Joe Brolly and Orla Tinsley are among Miriam's guests; The Dark Charisma of Adolf Hitler reaches its conclusion on RTÉ Two; and the BBC and 25 other broadcasters open up The Great War Diaries - here are our picks for today, August 2.
Saturday Night with Miriam
RTÉ One, 9.40pm
Barrister, pundit and campaigner Joe Brolly, cystic fibrosis campaigner and writer Orla Tinsley and one woman's tragic tale of the aftermath of Malaysian Airlines flight 370 are featured on tonight's show.
Sara Bajc, an American schoolteacher whose partner, Philip Wood, is among the 239 people still missing from Malaysian Airlines flight 370 talks to Miriam about her search for answers.
Also on the show, Kildare woman and campaigner Orla Tinsley on opening a brand new chapter in her life, food critic Paolo Tullio on his own fight for life and Coláiste Lurgan students - all 180 of them - perform their version of Vance Joy's Riptide as Gaeilge.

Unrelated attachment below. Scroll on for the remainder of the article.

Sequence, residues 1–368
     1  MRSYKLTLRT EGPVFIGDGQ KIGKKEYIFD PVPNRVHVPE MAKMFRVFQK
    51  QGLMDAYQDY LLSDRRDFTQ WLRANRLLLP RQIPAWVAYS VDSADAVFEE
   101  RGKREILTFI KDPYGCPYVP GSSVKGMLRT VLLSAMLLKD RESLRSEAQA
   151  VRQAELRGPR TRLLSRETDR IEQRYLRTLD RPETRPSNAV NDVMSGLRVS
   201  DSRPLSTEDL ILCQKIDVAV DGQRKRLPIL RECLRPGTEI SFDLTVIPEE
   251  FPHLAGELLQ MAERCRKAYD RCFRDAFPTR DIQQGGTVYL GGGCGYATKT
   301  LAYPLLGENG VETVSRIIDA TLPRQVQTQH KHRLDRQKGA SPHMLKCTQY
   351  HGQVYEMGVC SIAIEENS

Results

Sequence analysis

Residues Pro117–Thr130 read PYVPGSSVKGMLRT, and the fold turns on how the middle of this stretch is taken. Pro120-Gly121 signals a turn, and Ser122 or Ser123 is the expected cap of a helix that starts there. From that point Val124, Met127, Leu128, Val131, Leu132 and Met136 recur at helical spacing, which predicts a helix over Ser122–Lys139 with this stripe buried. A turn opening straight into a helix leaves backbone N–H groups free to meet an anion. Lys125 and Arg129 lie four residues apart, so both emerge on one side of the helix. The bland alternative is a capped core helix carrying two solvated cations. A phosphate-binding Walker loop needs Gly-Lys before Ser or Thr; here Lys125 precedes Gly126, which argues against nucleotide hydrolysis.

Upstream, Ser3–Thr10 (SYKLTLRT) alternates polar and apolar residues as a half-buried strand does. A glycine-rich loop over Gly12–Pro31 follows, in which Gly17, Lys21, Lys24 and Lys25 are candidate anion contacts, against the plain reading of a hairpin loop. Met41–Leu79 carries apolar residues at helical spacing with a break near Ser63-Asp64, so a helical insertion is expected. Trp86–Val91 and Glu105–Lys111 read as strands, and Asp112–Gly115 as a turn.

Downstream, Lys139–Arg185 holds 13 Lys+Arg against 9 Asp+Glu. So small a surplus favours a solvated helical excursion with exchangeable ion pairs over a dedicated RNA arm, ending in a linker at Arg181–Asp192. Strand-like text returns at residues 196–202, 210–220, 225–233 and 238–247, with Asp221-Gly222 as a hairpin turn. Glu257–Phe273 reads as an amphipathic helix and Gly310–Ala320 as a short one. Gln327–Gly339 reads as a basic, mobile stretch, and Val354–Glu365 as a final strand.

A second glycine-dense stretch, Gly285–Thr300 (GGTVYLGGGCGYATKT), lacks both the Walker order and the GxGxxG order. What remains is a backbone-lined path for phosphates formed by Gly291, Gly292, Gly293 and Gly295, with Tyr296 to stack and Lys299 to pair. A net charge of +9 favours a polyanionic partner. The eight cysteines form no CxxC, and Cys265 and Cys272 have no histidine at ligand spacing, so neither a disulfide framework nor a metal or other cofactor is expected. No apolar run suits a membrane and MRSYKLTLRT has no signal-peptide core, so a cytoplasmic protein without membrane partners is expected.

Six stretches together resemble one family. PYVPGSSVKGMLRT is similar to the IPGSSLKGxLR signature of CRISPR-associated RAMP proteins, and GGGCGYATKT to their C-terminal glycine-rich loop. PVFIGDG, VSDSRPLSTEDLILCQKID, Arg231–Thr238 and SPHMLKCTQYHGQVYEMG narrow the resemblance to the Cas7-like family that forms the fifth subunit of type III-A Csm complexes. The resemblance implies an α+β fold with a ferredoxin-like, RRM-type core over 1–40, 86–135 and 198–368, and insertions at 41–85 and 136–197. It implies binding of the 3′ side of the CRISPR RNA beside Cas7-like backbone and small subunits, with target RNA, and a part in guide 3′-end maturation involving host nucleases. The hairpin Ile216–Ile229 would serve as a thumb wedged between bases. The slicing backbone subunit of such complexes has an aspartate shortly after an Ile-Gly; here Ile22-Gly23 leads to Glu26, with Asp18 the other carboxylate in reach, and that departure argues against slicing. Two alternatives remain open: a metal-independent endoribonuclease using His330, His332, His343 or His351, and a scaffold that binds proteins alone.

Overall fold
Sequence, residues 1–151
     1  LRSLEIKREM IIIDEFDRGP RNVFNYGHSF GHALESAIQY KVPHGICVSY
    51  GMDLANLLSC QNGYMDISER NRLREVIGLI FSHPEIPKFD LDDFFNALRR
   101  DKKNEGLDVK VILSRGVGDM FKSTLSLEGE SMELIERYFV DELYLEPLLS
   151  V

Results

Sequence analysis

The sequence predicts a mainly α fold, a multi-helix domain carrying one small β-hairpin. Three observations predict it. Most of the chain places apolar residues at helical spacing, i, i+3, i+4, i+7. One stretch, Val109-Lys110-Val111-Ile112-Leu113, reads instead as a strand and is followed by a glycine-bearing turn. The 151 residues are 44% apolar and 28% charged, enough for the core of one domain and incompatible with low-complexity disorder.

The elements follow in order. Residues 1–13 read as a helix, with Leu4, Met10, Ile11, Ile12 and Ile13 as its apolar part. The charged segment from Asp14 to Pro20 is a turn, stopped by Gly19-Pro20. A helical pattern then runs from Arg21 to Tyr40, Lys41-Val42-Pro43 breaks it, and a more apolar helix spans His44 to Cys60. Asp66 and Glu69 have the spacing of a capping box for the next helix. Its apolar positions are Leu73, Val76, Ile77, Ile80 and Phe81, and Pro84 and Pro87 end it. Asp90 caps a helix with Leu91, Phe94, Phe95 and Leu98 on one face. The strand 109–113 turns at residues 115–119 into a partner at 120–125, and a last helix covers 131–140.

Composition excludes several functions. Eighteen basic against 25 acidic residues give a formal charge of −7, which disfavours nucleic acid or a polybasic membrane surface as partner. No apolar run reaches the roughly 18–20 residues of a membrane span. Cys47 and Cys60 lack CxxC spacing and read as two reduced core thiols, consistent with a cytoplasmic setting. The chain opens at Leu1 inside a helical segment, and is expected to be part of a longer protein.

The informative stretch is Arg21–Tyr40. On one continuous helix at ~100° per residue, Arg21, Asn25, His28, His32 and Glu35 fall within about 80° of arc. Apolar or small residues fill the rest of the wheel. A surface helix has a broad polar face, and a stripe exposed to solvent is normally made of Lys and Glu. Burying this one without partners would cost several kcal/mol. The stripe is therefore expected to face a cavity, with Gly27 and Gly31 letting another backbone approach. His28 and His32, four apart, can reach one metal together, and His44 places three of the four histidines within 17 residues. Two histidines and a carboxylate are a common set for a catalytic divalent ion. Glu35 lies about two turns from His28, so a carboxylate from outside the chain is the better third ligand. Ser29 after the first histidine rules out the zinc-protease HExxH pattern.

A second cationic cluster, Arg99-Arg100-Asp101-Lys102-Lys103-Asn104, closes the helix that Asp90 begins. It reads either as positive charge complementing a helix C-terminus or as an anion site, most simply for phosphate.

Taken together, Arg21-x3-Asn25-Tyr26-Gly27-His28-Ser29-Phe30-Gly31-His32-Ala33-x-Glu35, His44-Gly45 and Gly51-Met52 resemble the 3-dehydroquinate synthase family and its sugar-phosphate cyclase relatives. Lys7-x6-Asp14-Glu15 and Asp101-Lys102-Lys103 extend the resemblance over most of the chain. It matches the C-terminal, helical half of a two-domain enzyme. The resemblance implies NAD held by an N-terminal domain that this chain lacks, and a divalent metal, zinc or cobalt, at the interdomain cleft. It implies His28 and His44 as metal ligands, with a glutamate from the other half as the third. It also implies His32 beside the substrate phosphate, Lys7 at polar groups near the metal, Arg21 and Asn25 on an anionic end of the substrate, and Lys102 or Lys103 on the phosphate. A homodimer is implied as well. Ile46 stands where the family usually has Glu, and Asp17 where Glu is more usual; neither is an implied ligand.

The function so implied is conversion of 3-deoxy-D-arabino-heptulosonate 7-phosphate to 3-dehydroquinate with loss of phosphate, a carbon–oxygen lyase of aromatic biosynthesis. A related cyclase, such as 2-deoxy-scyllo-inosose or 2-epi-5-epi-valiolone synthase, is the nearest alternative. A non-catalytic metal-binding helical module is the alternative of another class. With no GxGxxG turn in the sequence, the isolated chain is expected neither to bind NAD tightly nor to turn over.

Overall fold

The Dark Charisma of Adolf Hitler
RTÉ Two, 7.05pm
The third and final part of this riveting documentary series written and produced by Laurence Rees, who won a BAFTA for his previous series Nazis: A Warning from History and a Grierson Award for his Auschwitz: the Nazis and the Final Solution. With the help of testimony from those who lived through those terrible times, film archive - including colour home movies - and specially shot documentary footage, we learn how Hitler tightened his stranglehold on the German people and launched Total War in Europe.
Great War Diaries
BBC Two, 6.10pm
Ten years in the making, Great War Diaries sees 25 broadcasters from around the world come together to produce this global event for the centennial of World War One. The series tells the story of 1914-18 solely through the eyes of those who lived it. Inspired by letters and journals from the Great War, it follows the individual stories of 13 people whose writings are woven into one compelling story. As this was the first truly global war, the diarists are global as well. Hailing from the involved powers, and from all walks of life, they represent a cross-section of society itself. Their writings focus on what archival and historical analysis cannot reveal: personal tragedy, love, happiness, pain and grief.